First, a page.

It’s amazing how some people still think urban sprawl is a good idea, thankfully sstandards now are not stuck in the 80s with them. Have you specific issues with the current Building Regulations?


  • Registered Users Posts: 7,852 ✭✭✭ SeanW


    So, yes. In your Weltanschauung, people should only be allowed to live in overpriced concrete sh1tboxes.


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  • Registered Users Posts: 5,084 ✭✭✭ veryangryman


    Pete_Cavan wrote: »
    It’s amazing how some people still think urban sprawl is a good idea, thankfully standards now are not stuck in the 80s with them. Have you specific issues with the current Building Regulations?

    5 miles west of the city centre is not sprawl. My pee boils when simple ideas to solve housing problems get shot down with "urban sprawl" when it's anything but. This is a capital city. A cyclable distance from the city (Clondalkin) is not bloody urban sprawl.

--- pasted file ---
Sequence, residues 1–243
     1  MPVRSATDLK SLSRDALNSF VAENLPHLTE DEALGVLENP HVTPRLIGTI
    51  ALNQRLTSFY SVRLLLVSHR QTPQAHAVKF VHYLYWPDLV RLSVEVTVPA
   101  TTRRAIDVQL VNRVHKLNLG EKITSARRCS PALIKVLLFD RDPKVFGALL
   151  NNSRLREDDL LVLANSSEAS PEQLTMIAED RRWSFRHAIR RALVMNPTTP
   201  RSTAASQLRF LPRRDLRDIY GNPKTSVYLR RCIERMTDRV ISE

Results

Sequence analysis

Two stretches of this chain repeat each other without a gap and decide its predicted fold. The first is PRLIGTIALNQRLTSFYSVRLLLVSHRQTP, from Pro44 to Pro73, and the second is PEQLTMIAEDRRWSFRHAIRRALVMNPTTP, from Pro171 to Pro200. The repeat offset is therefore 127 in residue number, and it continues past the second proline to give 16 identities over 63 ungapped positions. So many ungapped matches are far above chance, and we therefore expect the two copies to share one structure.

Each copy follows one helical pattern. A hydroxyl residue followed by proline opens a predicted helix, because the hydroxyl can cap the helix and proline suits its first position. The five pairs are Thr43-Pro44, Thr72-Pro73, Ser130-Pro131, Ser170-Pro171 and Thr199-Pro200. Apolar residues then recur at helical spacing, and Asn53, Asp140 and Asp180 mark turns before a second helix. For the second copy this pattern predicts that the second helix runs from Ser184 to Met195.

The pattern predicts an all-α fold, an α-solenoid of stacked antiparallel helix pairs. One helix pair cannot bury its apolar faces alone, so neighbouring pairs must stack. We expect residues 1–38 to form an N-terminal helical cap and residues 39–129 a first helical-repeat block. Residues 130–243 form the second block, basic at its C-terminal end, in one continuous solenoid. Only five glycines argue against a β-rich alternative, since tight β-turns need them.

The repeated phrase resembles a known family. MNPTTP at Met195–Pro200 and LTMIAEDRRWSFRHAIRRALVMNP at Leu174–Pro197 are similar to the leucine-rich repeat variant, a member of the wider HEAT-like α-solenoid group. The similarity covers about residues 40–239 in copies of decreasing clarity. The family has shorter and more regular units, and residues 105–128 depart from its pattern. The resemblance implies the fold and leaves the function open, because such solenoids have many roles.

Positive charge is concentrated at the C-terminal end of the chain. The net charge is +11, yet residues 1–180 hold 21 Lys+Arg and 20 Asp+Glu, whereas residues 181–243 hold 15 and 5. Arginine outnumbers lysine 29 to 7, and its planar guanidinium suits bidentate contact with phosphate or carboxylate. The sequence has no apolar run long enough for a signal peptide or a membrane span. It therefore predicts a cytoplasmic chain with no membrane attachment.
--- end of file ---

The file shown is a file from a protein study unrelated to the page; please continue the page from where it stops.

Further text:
• Registered Users Posts: 5,268 ✭✭✭ Pete_Cavan


    5 miles west of the city centre is not sprawl. My pee boils when simple ideas to solve housing problems get shot down with "urban sprawl" when it's anything but. This is a capital city. A cyclable distance from the city (Clondalkin) is not bloody urban sprawl.

    Why are you talking about Clondalkin, it is not west of Adamstown? If we take Heuston as the edge of the city centre, Adamstown is almost 12km (it's not the 70s any more) away as the crow flies. Another station west of Adamstown would have to be at least another km further out. There is a huge area east of Adamstown with a train station crying out to be developed, we don't need to be looking west of Adamstown.